New Year Day’s Lunch

Joseph Camilleri
In former days, on New Year’s Day (l-Istrina), the Maltese used to give money gifts to the young members of the family. The well-to-do families also used to give money gifts to their domestic servants as well as to other people who rendered them a service throughout the year.alt
The Maltese used to give great importance to New Year’s Day lunch. In the past, many Maltese preferred to have fish for this meal on New Year’s Day. Fish was considered, by the Maltese, to be an augury of good luck. Whilst trying to include fish, they also tried to exclude hotch-potch soup from this lunch as they believed that those persons who ate this type of soup would grow ham bones for the rest of the year. Another belief which concerns this day’s lunch is a warning for those who eat cabbages on this special day. According to this belief, these people would groan for a whole year. 
Family members were expected to be present at lunch-time on this particular day. It was held that those who absented themselves would die by the end of the same year.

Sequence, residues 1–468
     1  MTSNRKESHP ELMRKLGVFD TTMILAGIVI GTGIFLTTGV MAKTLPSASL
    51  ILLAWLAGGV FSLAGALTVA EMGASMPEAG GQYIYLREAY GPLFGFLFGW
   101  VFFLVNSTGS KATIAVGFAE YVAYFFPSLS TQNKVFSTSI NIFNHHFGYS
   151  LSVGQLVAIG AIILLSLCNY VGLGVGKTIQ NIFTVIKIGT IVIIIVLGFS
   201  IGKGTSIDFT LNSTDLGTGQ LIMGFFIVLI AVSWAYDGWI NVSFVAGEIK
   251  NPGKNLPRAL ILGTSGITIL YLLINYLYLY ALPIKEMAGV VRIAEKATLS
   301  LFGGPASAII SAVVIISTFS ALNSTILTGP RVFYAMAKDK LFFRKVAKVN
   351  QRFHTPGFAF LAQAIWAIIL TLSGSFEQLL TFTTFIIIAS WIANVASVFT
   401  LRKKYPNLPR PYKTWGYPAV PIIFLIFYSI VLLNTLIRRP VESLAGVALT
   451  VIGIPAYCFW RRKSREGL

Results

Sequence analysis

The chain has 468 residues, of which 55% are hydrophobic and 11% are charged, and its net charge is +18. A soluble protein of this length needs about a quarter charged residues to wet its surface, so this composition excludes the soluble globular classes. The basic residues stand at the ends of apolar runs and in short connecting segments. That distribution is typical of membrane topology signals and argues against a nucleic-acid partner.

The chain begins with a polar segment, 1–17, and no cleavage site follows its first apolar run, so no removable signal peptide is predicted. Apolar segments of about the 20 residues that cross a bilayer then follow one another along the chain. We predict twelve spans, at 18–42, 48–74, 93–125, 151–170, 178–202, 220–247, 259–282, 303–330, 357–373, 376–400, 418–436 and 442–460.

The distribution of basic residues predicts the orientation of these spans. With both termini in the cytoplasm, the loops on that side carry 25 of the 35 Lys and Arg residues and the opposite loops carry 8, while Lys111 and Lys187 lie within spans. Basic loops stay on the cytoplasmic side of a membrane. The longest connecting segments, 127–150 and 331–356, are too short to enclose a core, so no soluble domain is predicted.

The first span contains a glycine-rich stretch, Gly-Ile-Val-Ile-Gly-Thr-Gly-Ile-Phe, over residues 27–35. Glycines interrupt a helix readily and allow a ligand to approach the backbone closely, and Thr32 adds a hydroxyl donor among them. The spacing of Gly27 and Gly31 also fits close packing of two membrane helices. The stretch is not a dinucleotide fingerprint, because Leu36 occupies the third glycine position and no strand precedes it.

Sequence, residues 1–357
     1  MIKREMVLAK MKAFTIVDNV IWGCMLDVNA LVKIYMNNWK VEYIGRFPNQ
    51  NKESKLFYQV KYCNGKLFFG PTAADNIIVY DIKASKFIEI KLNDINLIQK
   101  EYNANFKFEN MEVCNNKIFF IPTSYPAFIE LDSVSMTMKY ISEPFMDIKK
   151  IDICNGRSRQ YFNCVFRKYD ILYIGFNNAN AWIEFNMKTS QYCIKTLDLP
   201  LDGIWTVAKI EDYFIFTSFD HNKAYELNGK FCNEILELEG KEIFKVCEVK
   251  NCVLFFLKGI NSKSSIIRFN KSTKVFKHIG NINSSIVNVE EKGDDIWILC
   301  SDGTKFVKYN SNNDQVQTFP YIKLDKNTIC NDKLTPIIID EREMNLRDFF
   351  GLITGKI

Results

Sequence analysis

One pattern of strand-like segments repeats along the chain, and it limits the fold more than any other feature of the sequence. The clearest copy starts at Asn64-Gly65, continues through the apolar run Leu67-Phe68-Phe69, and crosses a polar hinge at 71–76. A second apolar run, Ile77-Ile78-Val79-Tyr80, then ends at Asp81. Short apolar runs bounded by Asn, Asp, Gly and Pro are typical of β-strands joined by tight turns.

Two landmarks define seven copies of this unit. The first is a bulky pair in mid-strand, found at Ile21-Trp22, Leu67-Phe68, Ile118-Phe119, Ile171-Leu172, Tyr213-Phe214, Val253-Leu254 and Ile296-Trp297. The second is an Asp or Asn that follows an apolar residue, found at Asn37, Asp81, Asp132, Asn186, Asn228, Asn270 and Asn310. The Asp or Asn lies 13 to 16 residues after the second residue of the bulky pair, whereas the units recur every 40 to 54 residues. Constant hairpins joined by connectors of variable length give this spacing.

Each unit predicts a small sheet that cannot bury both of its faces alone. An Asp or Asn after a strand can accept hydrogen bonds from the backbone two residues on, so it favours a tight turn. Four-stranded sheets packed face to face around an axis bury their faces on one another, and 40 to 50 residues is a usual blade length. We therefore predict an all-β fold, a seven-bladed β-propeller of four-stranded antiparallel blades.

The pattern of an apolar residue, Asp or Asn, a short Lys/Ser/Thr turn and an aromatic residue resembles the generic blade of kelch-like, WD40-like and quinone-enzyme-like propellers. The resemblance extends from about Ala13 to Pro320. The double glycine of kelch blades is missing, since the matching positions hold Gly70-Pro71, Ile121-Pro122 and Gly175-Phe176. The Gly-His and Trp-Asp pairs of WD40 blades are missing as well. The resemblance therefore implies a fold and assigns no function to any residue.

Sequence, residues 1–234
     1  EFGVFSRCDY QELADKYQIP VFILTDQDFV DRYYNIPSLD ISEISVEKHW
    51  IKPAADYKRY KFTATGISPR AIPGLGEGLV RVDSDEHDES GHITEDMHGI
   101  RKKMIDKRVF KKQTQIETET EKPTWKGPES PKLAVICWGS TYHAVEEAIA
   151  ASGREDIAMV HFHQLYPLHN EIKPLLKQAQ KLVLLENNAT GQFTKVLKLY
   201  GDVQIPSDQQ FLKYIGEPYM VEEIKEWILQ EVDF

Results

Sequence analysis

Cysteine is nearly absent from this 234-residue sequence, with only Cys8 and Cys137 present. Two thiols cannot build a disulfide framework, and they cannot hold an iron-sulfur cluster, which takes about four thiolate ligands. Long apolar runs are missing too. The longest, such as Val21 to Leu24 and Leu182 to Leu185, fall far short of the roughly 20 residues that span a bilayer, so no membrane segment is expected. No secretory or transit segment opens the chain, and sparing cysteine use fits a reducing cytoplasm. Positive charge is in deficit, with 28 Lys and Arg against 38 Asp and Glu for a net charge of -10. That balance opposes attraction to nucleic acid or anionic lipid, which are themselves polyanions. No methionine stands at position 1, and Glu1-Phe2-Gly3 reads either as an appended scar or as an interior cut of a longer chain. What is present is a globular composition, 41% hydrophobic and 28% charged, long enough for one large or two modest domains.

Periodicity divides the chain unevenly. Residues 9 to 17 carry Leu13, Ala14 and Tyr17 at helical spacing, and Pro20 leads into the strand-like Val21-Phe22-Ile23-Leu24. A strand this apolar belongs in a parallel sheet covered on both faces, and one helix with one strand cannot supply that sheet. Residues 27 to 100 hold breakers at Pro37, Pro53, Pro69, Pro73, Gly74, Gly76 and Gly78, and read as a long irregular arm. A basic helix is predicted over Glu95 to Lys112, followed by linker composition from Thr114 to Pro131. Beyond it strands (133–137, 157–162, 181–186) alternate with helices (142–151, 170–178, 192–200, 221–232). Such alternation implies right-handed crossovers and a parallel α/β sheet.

British influence
The importance of fish on the first day of the year died out. Due to British influence, fish lost its place of honour. It was taken over by the turkey. New Year Day’s lunch became very similar to that of Christmas Day. It included soup and ‘timpana’ (a locally made pasta dish). Turkey was served with potatoes and vegetables. White Maltese wine dominated the New Year Day’s lunch and for sweets there were either Christmas pudding and mince pies or Maltese sufflè. Nuts also accompanied the day’s sweets.
Usually there was a guest or two invited for this special lunch. There was a custom among Maltese families, to invite a brother’s or a sisters’ family for lunch for Christmas day and this brother or sister and their partner would reciprocate this gesture by inviting the host family for New Year’s Day. Unmarried siblings were also invited for this lunch who would usually turn up accompanied by a widowed mother or father.
When the guests arrived, they used to give money gifts to the children of the host family, who placed these gifts inside a wooden box. The children were expected to wait till lunch was over and guests to leave, to open their wooden boxes and count the money they would have received.